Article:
Committee seeks to limit nonprofit access to facilities tax
A citizens committee is recommending that nonprofit organizations be ineligible for Minot’s city sales tax for community facilities unless working in partnership with a political subdivision.
Any political subdivision would be eligible for funding if its facility meets project criteria.
The committee sought to steer away from the need for the city to continually enter enterprise agreements with nonprofit entities to comply with state law on how governments can donate to groups. The city has given sales tax dollars to nonprofits such as the YMCA and Bishop Ryan High School as well as donated to political subdivisions such as Minot Park District and Minot State University. Community concern over how the tax money was being spent led to the city setting up a committee to define “community facility.”
The definition adopted by the committee states: “A community facility would fill a need by the community, and it should be owned and operated by a political subdivision. If nonprofit groups are to be eligible, they should be limited to partnership projects with political subdivisions, not stand alone non-profit projects. Local control is the main concern on any project funded, and true benefit to the community.”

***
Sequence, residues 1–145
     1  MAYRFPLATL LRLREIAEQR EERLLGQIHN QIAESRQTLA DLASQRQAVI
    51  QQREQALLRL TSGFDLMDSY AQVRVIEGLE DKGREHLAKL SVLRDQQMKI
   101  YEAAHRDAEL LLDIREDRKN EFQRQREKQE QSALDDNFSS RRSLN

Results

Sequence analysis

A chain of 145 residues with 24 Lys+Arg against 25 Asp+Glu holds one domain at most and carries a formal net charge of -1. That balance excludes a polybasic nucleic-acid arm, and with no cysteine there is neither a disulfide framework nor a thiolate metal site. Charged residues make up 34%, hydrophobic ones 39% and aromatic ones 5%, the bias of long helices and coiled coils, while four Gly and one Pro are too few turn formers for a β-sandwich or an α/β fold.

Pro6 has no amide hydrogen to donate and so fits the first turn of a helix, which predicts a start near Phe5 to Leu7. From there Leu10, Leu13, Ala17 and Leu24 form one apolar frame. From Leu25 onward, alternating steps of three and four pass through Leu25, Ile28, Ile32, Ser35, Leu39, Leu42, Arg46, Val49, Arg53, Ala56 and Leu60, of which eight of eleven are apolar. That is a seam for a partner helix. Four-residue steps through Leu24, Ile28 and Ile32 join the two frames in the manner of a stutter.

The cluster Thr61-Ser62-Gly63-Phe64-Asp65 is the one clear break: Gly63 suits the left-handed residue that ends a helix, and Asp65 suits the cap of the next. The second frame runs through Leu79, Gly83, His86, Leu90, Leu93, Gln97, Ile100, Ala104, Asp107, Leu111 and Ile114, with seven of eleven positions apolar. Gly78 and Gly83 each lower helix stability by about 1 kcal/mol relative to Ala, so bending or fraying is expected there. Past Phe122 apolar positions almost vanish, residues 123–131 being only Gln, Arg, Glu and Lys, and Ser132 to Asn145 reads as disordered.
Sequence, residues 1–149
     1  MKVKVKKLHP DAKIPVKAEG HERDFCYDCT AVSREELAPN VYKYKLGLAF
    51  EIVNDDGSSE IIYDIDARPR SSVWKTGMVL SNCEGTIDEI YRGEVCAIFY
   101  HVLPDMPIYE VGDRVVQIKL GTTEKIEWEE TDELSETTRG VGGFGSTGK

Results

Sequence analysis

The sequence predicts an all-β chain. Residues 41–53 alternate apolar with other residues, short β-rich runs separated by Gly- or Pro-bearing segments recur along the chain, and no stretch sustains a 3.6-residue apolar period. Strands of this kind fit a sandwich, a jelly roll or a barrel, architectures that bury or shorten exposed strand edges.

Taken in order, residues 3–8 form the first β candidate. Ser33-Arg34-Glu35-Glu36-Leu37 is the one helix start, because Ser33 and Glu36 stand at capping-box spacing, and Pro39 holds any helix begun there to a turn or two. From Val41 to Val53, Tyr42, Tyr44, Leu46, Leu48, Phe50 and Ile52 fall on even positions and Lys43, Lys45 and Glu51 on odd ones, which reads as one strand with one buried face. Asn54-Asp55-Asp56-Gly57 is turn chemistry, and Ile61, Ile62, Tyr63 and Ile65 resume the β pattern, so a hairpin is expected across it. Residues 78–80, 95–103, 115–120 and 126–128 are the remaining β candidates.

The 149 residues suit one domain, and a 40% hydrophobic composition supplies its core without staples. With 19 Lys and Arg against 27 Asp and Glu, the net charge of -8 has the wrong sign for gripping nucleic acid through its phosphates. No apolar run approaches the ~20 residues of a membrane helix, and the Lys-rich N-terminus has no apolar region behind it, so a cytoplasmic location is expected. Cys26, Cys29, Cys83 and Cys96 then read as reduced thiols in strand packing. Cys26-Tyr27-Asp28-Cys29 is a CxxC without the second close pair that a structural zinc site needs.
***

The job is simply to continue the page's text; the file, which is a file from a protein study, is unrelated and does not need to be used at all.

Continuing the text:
The committee acknowledged that the definition won’t entirely eliminate the need for enterprise agreements, either by the city or the other political subdivisions that partner with nonprofits to access the sales tax. However, members see the definition as an improvement.
“We feel very strongly we are moving in the right direction with this definition,” committee chairwoman Brekka Kramer said. “This is where I feel we need to go.”
“I might feel a little better if the political subdivision were better defined,” committee member Jim Montgomery said. “But I am also thinking we need to allow some flexibility to the city council. I think it can work. I think the application process needs to be tightened up.”
The committee did not formalize other recommendations. However, members offered suggestions to award only tax dollars already collected, limit awards to once a year to allow adequate time for review, require matching funds from the project sponsor and ensure the project sponsor has funds to maintain the facility.